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Colonel William Preston Johnston, The Life of General Albert Sidney Johnston : His Service in the Armies of the United States, the Republic of Texas, and the Confederate States. 13 1 Browse Search
Southern Historical Society Papers, Volume 27. (ed. Reverend J. William Jones) 6 0 Browse Search
Hon. J. L. M. Curry , LL.D., William Robertson Garrett , A. M. , Ph.D., Confederate Military History, a library of Confederate States Military History: Volume 1.1, Legal Justification of the South in secession, The South as a factor in the territorial expansion of the United States (ed. Clement Anselm Evans) 2 0 Browse Search
Southern Historical Society Papers, Volume 11. (ed. Reverend J. William Jones) 2 2 Browse Search
Robert Underwood Johnson, Clarence Clough Buell, Battles and Leaders of the Civil War: The Opening Battles. Volume 1. 1 1 Browse Search
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Browsing named entities in Colonel William Preston Johnston, The Life of General Albert Sidney Johnston : His Service in the Armies of the United States, the Republic of Texas, and the Confederate States.. You can also browse the collection for Henrietta Preston or search for Henrietta Preston in all documents.

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hnston's standing as an officer. a suicide. his charity in judgment. religious belief. St. Louis in old times. Henrietta Preston. her family connections. Governor William Clark. Thomas H. Benton. Miss Preston's education. marriage. Mrs. Miss Preston's education. marriage. Mrs. Johnston's character. Early married life. Little of general interest remains, either in documentary form or in the memories of men, respecting the early years of Albert Sidney Johnston's army-life. He passed the furlough granted after graduationng his chosen and remembered friends. At a ball at Mr. Chouteau's, Lieutenant Johnston met for the first time Miss Henrietta Preston. She was the eldest child of Major William Preston, a member of the Virginia family of that name, and an officePreston, a member of the Virginia family of that name, and an officer of Wayne's army, who had resigned, and settled at Louisville, Kentucky. He was remarkable for his extraordinary size and strength, and likewise for his wit. He is yet remembered by old people for these traits. He died, leaving a large family and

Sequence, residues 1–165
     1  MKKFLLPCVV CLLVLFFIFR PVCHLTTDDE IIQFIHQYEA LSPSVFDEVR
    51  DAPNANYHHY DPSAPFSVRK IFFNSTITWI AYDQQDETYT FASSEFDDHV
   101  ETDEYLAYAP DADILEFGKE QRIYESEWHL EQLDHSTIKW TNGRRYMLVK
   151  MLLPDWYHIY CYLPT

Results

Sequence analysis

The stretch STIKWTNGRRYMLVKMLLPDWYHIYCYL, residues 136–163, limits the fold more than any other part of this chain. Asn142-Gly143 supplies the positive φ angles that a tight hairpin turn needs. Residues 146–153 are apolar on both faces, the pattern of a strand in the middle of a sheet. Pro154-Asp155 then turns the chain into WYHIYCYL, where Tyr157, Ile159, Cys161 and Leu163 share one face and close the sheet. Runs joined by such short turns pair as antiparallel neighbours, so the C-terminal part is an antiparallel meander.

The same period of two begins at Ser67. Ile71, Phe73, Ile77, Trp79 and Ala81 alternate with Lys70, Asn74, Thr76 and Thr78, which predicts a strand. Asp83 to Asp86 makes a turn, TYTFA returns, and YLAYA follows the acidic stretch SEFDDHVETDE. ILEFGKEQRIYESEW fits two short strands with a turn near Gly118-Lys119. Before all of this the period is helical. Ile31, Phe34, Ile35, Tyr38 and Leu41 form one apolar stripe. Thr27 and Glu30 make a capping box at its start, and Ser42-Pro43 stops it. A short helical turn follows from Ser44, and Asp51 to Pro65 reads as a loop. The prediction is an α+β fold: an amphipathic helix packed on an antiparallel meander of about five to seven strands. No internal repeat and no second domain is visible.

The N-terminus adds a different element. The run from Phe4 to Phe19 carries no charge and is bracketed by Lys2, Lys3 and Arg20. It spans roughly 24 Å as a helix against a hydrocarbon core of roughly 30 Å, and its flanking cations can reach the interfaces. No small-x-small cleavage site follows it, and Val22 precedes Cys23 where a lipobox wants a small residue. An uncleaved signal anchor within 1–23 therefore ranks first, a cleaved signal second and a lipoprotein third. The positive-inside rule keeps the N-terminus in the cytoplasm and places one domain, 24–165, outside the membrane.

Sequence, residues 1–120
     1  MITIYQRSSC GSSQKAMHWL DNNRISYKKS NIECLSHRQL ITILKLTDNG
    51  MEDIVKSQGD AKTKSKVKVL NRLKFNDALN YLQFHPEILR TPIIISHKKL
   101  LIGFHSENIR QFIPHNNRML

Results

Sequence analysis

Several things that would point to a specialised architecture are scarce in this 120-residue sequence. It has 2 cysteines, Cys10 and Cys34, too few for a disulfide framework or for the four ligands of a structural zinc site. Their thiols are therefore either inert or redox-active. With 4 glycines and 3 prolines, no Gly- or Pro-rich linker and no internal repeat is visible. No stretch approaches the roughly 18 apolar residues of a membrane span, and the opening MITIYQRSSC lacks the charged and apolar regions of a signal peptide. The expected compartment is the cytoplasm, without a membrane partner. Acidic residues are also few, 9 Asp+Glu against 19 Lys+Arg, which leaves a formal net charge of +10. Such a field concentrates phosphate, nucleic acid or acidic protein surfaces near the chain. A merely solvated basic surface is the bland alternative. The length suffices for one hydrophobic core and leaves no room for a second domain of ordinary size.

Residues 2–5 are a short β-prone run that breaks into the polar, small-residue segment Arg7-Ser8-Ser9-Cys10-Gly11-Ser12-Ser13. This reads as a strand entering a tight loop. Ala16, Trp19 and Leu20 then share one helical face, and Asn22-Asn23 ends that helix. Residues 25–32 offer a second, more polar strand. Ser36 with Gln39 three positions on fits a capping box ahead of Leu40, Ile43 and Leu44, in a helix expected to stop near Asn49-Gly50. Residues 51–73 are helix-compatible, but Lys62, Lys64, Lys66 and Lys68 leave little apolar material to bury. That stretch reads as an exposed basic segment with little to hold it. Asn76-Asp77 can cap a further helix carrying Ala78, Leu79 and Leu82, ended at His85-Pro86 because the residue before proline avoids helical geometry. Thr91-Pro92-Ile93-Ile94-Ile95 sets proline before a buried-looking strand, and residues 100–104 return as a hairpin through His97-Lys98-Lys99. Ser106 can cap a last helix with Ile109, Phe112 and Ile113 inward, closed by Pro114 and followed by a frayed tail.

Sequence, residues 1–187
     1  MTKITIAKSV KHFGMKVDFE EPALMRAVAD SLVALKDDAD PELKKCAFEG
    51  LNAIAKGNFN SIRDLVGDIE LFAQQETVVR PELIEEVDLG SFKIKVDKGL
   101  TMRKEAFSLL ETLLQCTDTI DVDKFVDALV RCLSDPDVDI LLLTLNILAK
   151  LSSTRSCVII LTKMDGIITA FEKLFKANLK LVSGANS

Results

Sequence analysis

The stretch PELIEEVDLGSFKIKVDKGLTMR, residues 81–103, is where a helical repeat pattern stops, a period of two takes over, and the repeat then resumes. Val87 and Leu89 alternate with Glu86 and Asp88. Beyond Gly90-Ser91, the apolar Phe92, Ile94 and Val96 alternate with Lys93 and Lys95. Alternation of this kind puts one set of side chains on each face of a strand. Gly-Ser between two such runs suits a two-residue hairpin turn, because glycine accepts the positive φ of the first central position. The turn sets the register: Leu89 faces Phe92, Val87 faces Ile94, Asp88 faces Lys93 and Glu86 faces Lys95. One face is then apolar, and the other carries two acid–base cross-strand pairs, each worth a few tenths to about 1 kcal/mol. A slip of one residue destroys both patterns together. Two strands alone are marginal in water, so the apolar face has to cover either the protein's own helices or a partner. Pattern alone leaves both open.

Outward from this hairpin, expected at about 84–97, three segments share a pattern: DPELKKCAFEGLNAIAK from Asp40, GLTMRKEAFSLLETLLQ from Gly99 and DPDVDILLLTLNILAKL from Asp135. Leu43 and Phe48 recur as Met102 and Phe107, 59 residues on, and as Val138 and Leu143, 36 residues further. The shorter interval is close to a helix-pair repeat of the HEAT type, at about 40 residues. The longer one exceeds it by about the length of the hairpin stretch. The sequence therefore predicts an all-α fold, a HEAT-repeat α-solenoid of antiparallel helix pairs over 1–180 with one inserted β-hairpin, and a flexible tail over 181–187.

d to obey orders received through staff-officers of less rank than their own, and it proved a successful device. On May 29th, Governor Reynolds, upon the requisition of General Atkinson, ordered 3,000 militia to assemble June 10th. To provide for and expedite their arming, equipment, and subsistence, General Atkinson dispatched his staff-officers to points where they were required. Lieutenant Johnston was sent to Jefferson Barracks, where, during his absence, his eldest daughter, Henrietta Preston, had been born. After passing a few days at home, between the 1st and 10th of June, he was at his post in time to assist in the organization of the militia, for whom General Atkinson, by extraordinary diligence, had prepared whatever was necessary to begin the campaign. Three brigades were organized at the Rapids of the Illinois, under the command of Generals Posey, Alexander, and Henry; but it was not until the 25th of June that they were able to move from Dixon's Ferry. General Po
y disposed to Colonel Taylor, because he was a kinsman of Mrs. Johnston's mother; which tie had been strengthened by long acquaintance, good neighborhood, and mutual kind offices. Colonel Taylor had shown an earnest and active friendship for Mrs. Preston and her family, when circumstances rendered it peculiarly acceptable, especially as surety in settling Major Preston's estate. Moreover, he was always cordial and appreciative to Lieutenant Johnston, both in social and military intercourse; aMajor Preston's estate. Moreover, he was always cordial and appreciative to Lieutenant Johnston, both in social and military intercourse; and this conduct had the more weight as he was a bold, open man, whose offices outran his professions. His popular title of Rough and ready only did him half justice; for his ruggedness was that of the oak, and he was as ready to help a friend as to strike a foe. Under blunt manners he concealed a warm heart. He was an expert in the practical routine of his profession, and handled his army like a machine with which he was perfectly familiar. He was well acquainted with English history; Hume w